Coronavirus: How hospitals in Wuhan kept the sick away
It took Zhang Hongwen nine days and three swab samples to get her mother hospitalized. Nine days spent in waiting rooms amid a crowd of coughing patients and their relatives. Up to 60 people were crammed into a waiting room the size of a classroom.
"Everybody was using the same toilet. I thought about how easy it was to get infected," she said. "I felt helpless and terrified but I had no choice. Once my mother had gotten ill, I had to take care of her."
Zhang (not her real name) is living in Wuhan, the epicenter of the coronavirus epidemic. DW spoke to her on the phone. Her mother, a woman in her late seventies, came down with fever and cough at the end of January, a few days after a Chinese New Year's Eve spent with relatives.
"There were young people and children around, maybe she caught it there," Zhang said.
Some of the relatives later reported flu-like symptoms but none of them got tested for the new coronavirus. Her mother's symptoms quickly grew more severe. She took her to the hospital where her lungs were screened, blood sampled and nose swabs were taken.
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The computer tomography revealed the typical hazy areas on the lung and her blood also showed signs of the infection. But the test for the virus turned out negative. They were sent home.
"We were told that without a positive test, she would not be admitted to hospital," Zhang said.
Sudden surge in cases
Wuhan, where the virus was first detected, continues to be the place that has been hit the hardest by the disease. The city and the surrounding province of Hubei have registered 80% of all cases and 95% of all deaths so far. On Thursday, the province reported a sudden surge in numbers. In one night, almost 15,000 new infections were added to the count.
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The total number in the province jumped from 33,366 to 48,206 patients. The surge is due to an adjustment in the counting of cases. Previously, only cases that had a confirmed laboratory test would be included in the statistics. Now cases that are diagnosed based on symptoms but without a positive test result, are also being counted as infections.
Many of these cases are of people who could not be tested due to a shortage of resources. But there are also other cases like those of Zhang's mother, who could not be treated because of a faulty test result.
It is hard to estimate how common these cases are. In the past few days, a number of Wuhan residents have posted similar stories on social media about relatives being unable to get access to treatment in hospitals.
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DW has contacted several of them. While declining to go on record, some confirmed that they had had similar experiences. One woman said that she had finally managed to get her mother into a hospital and herself into a designated quarantine facility after days of trying. Another man told us that after several days spent waiting in hospitals, he and his elderly mother were sent home with a negative virus test result.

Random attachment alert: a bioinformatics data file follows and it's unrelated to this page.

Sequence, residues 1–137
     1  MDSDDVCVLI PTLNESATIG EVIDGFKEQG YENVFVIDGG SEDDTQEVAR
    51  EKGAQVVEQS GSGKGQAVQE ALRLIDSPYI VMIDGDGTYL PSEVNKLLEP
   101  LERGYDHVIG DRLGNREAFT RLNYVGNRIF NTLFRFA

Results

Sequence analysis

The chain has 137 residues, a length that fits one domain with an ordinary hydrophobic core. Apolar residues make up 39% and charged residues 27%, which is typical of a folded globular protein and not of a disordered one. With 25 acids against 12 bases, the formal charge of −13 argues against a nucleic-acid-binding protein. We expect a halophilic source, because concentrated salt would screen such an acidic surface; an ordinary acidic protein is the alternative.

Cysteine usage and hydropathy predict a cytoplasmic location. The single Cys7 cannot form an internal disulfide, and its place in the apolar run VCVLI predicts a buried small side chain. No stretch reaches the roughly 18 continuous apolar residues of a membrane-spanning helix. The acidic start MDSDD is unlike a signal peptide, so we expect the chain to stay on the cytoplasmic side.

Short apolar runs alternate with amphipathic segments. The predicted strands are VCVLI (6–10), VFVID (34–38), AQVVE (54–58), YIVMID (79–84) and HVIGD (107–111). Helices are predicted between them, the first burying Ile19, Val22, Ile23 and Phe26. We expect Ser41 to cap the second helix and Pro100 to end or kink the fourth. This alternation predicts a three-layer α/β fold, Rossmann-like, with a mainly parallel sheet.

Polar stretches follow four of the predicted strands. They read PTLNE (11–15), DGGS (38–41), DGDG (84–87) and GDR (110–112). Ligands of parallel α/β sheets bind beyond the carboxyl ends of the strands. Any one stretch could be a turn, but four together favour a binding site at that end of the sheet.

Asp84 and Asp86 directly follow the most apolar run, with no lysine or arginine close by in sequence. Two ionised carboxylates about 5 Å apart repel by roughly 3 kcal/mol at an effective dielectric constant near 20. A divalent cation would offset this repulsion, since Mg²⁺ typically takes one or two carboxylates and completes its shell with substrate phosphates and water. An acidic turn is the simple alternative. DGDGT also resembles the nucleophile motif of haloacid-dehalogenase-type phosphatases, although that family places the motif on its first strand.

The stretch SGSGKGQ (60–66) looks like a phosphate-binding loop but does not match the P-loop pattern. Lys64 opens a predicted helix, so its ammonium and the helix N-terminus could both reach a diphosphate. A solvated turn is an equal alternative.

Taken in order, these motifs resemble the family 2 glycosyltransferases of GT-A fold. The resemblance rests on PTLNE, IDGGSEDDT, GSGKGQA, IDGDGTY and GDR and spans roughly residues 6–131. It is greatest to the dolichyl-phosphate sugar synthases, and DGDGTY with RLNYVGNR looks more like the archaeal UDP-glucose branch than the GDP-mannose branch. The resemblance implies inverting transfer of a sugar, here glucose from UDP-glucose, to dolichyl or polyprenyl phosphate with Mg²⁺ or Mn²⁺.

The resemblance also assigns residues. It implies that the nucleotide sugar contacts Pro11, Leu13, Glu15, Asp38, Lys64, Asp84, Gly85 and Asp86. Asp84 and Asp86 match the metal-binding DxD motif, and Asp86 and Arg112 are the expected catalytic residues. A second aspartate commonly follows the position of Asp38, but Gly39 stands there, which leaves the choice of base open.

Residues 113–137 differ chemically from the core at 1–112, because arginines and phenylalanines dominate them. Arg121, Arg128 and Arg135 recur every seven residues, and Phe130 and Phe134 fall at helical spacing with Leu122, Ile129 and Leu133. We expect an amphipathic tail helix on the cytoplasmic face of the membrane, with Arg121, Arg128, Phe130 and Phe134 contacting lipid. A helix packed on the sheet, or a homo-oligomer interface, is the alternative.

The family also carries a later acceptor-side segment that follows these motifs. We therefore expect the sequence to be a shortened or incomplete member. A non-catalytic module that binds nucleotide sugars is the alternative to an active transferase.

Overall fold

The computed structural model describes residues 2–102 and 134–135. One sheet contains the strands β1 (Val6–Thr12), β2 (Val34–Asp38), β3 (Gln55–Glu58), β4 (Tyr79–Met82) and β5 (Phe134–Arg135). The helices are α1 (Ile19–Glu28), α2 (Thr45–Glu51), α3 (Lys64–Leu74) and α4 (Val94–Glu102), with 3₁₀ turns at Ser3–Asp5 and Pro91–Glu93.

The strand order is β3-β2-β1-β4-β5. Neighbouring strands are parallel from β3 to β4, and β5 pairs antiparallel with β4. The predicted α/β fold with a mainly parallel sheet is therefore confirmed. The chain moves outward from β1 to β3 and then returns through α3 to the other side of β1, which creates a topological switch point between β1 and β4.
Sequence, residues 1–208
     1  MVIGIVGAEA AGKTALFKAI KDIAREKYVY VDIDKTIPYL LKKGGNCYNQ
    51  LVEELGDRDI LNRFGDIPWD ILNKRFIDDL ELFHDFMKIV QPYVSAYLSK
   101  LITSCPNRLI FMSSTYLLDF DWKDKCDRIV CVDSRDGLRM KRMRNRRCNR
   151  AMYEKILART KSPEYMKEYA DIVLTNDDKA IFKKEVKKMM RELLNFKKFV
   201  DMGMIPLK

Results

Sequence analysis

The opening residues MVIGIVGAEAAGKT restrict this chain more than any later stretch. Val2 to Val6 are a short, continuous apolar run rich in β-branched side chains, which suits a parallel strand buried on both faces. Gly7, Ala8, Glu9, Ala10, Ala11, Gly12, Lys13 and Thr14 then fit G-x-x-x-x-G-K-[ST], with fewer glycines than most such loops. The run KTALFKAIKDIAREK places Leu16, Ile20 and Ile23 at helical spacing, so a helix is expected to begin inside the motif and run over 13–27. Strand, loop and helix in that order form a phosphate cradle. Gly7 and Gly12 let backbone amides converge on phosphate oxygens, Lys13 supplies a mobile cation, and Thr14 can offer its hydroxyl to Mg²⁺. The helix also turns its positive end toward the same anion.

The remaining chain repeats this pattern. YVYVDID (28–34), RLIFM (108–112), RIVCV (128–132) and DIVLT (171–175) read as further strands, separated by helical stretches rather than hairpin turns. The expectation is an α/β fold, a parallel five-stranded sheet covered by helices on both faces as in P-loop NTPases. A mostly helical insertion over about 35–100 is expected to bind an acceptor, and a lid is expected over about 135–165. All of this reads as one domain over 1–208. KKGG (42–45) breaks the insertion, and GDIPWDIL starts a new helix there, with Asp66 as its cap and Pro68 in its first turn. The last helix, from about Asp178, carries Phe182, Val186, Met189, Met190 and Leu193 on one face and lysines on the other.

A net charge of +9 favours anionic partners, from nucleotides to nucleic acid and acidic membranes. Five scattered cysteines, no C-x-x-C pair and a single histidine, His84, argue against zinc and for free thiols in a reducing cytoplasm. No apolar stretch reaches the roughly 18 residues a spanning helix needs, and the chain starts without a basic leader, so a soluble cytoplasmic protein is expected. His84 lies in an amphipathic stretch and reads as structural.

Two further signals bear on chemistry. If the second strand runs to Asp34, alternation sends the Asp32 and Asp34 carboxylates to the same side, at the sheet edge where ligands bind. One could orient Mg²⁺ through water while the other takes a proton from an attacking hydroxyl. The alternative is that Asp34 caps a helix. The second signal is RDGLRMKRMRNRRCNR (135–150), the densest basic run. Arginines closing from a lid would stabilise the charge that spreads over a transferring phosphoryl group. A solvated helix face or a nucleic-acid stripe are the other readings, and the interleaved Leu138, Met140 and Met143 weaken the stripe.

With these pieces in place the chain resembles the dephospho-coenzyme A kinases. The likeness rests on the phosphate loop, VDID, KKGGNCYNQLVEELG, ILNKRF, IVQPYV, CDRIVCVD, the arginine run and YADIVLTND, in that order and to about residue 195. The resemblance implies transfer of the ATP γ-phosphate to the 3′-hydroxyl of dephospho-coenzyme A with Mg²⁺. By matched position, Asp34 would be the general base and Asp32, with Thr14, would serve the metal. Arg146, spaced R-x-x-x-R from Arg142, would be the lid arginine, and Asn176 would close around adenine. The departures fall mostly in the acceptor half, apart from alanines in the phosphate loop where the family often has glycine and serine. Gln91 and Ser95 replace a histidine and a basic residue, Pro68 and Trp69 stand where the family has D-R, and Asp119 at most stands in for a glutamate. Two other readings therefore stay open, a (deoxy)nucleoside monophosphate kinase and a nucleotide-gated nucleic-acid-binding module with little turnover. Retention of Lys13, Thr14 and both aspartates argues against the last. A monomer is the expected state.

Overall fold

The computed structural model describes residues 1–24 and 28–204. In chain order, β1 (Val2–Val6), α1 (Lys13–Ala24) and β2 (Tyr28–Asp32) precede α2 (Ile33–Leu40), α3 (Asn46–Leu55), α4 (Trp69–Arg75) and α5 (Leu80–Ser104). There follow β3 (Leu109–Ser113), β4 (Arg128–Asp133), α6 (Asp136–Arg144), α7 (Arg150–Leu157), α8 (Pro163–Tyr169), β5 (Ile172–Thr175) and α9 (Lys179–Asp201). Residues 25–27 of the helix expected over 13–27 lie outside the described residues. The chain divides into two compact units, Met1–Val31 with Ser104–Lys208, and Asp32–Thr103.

There is no clear data to describe the accuracy of the tests. Benjamin Cowling, epidemiology professor at Hong Kong University, said that there might be two main sources for inaccurate test results.
The samples, swabs from the nose or throat, might not have been taken accurately and therefore not contain a sufficient number of traces of the virus. Another possibility would be bad testing kits and bad work at the laboratories, something that he thinks is rather improbable.
"We presume the accuracy of the tests is high," said Cowling. "But it is never 100%."
For the hospital, however, the case of Zhang's mother was clear.
"The doctor said the symptoms left him with no doubt that she was infected," she recalled. "But without the positive test result, we were not eligible for a hospital bed."
Zhang Hongwen suspected that the severe admission criteria were meant to keep the numbers down but she had no other option than to comply.
Nine days in waiting rooms
Her mother's condition left her with little choice than to try again, Zhang said. The old woman was barely able to get up. So she took her to the hospital again. There she again underwent another test and the result was again negative.
Zhang and her mother spent nine consecutive days in the waiting rooms of hospitals. When they came home, she thoroughly tried to disinfect her house, moving around every item that her mother might have come into contact with.
"Everything is upside down at home now," Zhang said.
Finally, on day nine, a third test brought the positive result she was waiting for. Her mother got admitted - just two days prior to the sudden change of criteria.
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A tired Zhang Hongwen returned home after admitting her mother. In the meantime, she has also started coughing but is so far without fever. She has taken a home test and has quarantined herself at home waiting for the result. Now that the test is not as important as before, she plans to stay at home unless she develops more severe symptoms.
"If I develop a fever I will try to get admitted," she said.